4.3/10
470
5 user 3 critic

At Risk (2010)

TV-PG | | Crime, Mystery | TV Movie 10 April 2010
A district attorney wants to further her political dreams by solving an old murder.

Director:

Tom McLoughlin (as Tom Mcloughlin)

Writers:

John Pielmeier (teleplay), Patricia Cornwell (novel)
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Photos

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Cast

Cast overview, first billed only:
Andie MacDowell ... Monique Lamont
Daniel Sunjata ... Win Garano
Annabeth Gish ... Det. Delma Sykes
Barclay Hope ... Jessie Huber
Zak Santiago ... Roy
Ashley Williams ... Stump
Diahann Carroll ... Nana
Marcia Bennett ... Kim Finlay
Richard Blackburn Richard Blackburn ... C.I. Records Clerk
Paula Boudreau Paula Boudreau ... Mitzi
Leslie Carlson ... George Finlay (as Les Carlson)
Chad Connell ... Toby Huber
Patricia Cornwell ... Waitress
Stephanie Crosby Stephanie Crosby ... Newscaster #1
Dane DeHaan ... Cal Tradd (as Dane Dehaan)
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Storyline

A district attorney wants to further her political dreams by solving an old murder.

Plot Summary | Add Synopsis

Genres:

Crime | Mystery

Certificate:

TV-PG | See all certifications »
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Details

Country:

USA | Canada

Language:

English

Release Date:

10 April 2010 (USA) See more »

Also Known As:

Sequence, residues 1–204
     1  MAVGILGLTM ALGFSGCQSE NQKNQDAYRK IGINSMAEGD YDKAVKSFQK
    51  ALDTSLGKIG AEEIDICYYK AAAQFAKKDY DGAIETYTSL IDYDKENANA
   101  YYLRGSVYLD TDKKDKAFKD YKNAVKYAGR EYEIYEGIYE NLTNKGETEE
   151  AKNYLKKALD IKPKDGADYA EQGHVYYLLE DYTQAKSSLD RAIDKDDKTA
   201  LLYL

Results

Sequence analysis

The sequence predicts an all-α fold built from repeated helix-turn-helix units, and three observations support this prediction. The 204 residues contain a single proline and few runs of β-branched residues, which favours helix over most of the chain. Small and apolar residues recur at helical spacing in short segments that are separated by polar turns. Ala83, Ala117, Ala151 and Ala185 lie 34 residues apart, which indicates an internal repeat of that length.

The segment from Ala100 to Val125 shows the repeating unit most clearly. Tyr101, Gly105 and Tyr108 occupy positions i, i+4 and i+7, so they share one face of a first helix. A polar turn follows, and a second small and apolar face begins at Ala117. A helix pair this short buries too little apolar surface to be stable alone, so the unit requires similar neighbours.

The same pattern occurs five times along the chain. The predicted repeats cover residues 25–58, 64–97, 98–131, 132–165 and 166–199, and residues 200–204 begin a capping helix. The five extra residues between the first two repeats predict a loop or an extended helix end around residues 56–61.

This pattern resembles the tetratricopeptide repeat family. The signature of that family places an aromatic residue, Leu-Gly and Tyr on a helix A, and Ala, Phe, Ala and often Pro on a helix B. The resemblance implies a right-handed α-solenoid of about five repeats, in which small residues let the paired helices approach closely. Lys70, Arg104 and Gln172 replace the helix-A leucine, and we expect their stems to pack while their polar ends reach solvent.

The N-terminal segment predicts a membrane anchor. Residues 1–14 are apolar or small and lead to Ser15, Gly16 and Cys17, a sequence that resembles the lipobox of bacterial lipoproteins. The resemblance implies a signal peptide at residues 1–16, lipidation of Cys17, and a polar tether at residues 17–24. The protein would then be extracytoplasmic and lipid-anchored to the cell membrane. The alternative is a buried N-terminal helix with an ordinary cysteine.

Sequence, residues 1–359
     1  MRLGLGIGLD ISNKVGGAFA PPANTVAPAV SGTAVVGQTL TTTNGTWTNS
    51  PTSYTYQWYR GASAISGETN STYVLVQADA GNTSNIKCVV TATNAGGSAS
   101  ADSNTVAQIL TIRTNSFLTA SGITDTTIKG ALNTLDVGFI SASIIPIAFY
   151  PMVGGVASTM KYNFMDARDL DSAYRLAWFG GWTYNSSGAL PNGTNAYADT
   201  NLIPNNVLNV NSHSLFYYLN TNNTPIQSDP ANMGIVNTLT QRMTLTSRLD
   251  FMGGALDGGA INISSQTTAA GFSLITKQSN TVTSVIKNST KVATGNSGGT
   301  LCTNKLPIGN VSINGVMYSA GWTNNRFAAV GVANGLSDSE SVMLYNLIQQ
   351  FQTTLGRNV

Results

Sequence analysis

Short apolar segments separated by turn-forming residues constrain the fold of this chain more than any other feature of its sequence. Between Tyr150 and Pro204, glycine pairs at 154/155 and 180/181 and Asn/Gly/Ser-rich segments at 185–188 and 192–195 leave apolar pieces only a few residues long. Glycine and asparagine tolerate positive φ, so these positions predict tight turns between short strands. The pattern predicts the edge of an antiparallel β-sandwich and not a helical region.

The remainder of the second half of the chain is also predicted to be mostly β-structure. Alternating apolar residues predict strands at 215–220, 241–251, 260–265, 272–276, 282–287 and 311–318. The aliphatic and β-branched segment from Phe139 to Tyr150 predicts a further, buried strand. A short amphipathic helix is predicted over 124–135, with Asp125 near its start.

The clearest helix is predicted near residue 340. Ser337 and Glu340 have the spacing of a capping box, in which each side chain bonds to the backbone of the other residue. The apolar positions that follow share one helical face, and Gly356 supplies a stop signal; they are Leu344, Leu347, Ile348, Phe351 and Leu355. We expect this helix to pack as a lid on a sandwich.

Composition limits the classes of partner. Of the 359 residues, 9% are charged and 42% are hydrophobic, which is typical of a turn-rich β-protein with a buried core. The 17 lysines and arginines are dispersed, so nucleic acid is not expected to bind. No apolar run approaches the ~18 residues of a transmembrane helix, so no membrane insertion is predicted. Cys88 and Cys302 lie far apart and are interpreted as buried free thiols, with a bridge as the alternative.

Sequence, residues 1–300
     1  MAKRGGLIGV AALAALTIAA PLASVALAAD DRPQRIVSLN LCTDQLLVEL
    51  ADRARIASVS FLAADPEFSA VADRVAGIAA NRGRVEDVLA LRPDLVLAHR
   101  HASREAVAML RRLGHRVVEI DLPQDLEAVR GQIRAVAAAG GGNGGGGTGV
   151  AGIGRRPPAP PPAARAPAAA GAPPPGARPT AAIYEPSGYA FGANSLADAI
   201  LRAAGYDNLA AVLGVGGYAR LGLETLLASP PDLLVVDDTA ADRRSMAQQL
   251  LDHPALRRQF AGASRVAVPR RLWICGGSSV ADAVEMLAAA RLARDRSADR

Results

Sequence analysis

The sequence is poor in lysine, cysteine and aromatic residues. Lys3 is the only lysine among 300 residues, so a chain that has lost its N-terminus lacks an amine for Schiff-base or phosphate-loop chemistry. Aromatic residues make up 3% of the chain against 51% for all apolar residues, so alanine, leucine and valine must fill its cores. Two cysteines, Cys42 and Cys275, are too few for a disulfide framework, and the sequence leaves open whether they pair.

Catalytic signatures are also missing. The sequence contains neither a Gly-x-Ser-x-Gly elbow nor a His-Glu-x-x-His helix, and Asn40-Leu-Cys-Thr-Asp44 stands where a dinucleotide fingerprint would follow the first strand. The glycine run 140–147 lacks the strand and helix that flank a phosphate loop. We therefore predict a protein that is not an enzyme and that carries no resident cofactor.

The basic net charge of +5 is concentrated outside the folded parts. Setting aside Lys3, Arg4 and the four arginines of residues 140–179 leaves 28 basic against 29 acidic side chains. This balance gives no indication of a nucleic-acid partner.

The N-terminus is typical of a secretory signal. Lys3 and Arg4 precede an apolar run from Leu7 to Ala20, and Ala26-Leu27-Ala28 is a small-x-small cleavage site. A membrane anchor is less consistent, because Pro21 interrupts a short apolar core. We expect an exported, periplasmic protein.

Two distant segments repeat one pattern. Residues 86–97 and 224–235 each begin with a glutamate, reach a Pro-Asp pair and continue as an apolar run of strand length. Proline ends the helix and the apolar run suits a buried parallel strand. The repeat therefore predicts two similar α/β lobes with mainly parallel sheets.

Em Risco See more »

Filming Locations:

Toronto, Ontario, Canada

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Box Office

Budget:

$5,000,000 (estimated)
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Company Credits

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Technical Specs

Color:

Color
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Did You Know?

Trivia

Patricia Cornwell, author of the book this movie is base on, appears in a cameo as a waitress at the Harvard Faculty Club. See more »

Soundtracks

You Keep Walking Away
By Ellen Carol
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User Reviews

 
Could have been, would have been, should have been - it definitely wasn't, worth watching
19 October 2012 | by tageeSee all my reviews

This is one of two Patricia Cornwell novels to film, i.e. "At Risk" and "The Front" that feature Andie McDowell as a Boston district attorney and are appearing on one of our lesser cable channels here in New Zealand. I would agree 100% that this is one of the worst examples of plot, direction, acting, and last but not least the use of schmaltzy music. It runs throughout the entire film to punctuate almost every scene as a filler or to let you know - hey this is a love scene. No one as yet has mentioned that Cornwell has a cameo as a waitress. That must tell you something. She's not only in the movie business now, she's in the movie. God forbid. Obviously she's gathered a huge following through the years and hopes to cash in on it and I can't wait to miss the next one.

(I was a great fan in her early writing days mainly because she was living in my hometown of Richmond, Va. and used locales that I knew well. Since then I've come to prefer British authors of the genre who seem to write better and the TV series that are made from their works are first class.)


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